This is the landing page with location, from where you can set up searches …
This is an example twitter search I ran for the presentation based on the conservative party conference (run whilst David Cameron was giving his closing speech)
These are the search results collected
Then I ran the topic analysis tool on those tweets …
… resulting in this analysis showing identified keywords, number of tweets, sentiment (positive or negative) and controversy (spread of sentiment)
From there we can analyse the kind of discussions going on
Which results in plots of rate of posting and proportion of user types …
And finally we can analyse the users and how they can be typified …
… giving rise to this more detailed breakdown
But we have found that there are two types of users – the researchers and analysts who want to use the advanced tools just shown, and the politicians themselves who want quick results and a display of popular response to topics of the day
So from the front page they can build widgets to give a quick view of discussions on social networks …
And here I’ve also constructed a localised search taking the search term ‘University’ – I felt a bit of anonymisation might be appropriate!
Which highlights the fact that there are privacy and intrusion issues, which have been extensively discussed and addressed in the project
Including workshops such as this one organised by the Hansard Society where the implications of government engagement via social media was discussed by a very distinguished panel
And reported quite widely, including by the BBC news – which created rather a lot of comments both positive and negative!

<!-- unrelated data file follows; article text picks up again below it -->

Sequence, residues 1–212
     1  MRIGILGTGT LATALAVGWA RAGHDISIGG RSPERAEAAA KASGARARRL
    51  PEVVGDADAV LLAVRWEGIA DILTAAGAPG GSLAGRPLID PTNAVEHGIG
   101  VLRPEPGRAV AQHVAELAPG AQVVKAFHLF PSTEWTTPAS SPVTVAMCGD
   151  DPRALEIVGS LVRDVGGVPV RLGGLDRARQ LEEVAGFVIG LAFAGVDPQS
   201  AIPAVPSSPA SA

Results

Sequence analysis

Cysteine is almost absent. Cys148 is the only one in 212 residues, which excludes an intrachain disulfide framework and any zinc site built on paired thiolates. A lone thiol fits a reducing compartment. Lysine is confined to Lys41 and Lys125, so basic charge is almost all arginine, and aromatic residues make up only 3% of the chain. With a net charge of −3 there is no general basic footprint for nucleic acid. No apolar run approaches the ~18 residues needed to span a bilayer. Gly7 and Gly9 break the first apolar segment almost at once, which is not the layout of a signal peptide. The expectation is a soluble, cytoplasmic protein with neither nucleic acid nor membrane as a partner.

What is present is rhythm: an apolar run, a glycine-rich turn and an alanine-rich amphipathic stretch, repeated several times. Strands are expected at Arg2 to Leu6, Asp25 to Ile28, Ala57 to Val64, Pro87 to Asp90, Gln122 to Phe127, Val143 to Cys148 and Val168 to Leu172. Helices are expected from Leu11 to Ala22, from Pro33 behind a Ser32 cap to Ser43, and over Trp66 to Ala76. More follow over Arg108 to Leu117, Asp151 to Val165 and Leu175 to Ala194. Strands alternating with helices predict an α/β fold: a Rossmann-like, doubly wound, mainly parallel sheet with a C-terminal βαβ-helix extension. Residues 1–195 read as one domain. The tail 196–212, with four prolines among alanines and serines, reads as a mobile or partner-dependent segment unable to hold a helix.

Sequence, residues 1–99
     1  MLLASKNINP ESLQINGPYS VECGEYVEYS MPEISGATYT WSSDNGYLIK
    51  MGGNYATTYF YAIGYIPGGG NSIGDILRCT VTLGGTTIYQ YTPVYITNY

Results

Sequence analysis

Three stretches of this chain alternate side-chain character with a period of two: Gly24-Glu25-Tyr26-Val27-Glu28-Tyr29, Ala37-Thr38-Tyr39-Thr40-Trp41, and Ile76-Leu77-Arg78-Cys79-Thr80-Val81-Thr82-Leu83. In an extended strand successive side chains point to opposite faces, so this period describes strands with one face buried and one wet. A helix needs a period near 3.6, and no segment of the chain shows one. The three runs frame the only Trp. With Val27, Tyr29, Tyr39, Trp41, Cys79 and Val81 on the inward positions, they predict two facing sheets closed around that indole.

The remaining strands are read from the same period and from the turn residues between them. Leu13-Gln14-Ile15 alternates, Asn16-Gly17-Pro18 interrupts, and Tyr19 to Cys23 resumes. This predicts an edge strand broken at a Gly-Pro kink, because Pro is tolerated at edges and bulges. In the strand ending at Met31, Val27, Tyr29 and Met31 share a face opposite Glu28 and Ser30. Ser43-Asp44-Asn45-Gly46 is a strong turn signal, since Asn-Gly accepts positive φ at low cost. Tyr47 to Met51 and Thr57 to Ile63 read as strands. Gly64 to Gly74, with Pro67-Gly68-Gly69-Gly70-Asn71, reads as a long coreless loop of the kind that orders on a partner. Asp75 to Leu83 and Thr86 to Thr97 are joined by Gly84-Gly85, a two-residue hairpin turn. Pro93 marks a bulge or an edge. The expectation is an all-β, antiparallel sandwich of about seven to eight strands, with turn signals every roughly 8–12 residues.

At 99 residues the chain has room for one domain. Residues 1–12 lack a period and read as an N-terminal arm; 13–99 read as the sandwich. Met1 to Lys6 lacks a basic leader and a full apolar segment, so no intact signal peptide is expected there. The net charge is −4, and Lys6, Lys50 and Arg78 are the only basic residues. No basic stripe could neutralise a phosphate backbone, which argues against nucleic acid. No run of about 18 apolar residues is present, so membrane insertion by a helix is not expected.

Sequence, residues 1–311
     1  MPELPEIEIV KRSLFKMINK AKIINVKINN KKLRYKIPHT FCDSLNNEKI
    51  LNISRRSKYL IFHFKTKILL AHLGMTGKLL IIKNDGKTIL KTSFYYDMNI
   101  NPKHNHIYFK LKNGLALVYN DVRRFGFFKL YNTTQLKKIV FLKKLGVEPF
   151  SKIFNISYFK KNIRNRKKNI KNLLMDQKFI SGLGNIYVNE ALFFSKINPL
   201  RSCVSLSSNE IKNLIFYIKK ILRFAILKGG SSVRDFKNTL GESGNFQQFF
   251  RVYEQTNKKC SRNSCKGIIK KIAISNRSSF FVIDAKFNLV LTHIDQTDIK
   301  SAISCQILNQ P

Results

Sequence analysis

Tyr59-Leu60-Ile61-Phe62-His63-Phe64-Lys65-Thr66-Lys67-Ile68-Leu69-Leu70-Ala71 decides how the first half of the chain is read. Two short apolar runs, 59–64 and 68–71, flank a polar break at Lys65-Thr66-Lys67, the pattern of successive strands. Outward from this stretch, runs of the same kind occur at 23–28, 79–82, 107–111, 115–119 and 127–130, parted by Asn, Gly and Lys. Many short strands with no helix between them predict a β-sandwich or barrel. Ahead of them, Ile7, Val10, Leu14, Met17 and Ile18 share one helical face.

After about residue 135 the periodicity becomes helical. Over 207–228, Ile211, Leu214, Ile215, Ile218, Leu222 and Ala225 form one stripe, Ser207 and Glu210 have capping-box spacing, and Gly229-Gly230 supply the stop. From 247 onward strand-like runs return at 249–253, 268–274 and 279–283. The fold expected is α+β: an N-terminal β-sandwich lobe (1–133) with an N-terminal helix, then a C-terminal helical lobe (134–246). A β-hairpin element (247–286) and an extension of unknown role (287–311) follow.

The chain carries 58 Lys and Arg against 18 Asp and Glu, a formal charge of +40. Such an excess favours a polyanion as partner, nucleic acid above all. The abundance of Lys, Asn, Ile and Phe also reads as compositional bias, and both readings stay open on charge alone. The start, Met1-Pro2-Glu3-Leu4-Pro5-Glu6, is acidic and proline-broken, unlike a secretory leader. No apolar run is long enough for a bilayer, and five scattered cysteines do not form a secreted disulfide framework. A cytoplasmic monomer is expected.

Project information and contact
Sxsc 12-we gov-presentation-paul-walland
The WeGov Project … … and what it might mean …
Why WeGov?• There have been government portals, minister blogs, opinion collecting web sites…• But do people really use them? COMMERCIAL IN CONFIDENCE. Copyright University of Southampton IT Innovation Centre 2009
What do people really use? COMMERCIAL IN CONFIDENCE. Copyright University of Southampton IT Innovation Centre 2009
WeGov bridges the gap• Allows policy makers to interact directly with the community using Social Network Sites• Find and understand people’s opinions• Become part of the discussion• Respect privacy• Encourage trust COMMERCIAL IN CONFIDENCE. Copyright University of Southampton IT Innovation Centre 2009
Project ConceptGovernment policy-makers can better engage withcitizens by utilising channels citizens already use andare familiar with.Social media – like Twitter and Facebook – have beenidentified as the most effective tools of engagement dueto: their popularity; their ease of access, and; the rapid information flow that they allow.
Project SolutionWhat is the WeGov toolbox?The WeGov toolbox is at is says.A box of tools.The WeGov software solution is a webapplication, which includes tools and componentsthat support policy-makers in the analysis of socialnetworks.
BUT – what about all those other issues? • No, I haven’t forgotten that: – People are still people – The loudest shout hardest – There’s an awful lot of ‘noise’ (and worse) – No-one trusts the Government – Everyone treasures their privacy
Project InformationProject website: www.wegov-project.euDuration: January 2010 – September 2012Programme: This project has been funded with support fromthe European Commission under the SEVENTH FRAMEWORKPROGRAMME THEME ICT 2009.7.3 ICT for Governance andPolicy Modelling .Partners: Experts in eParticipation, governmentconsulting, and ICT research & development academiccommunity.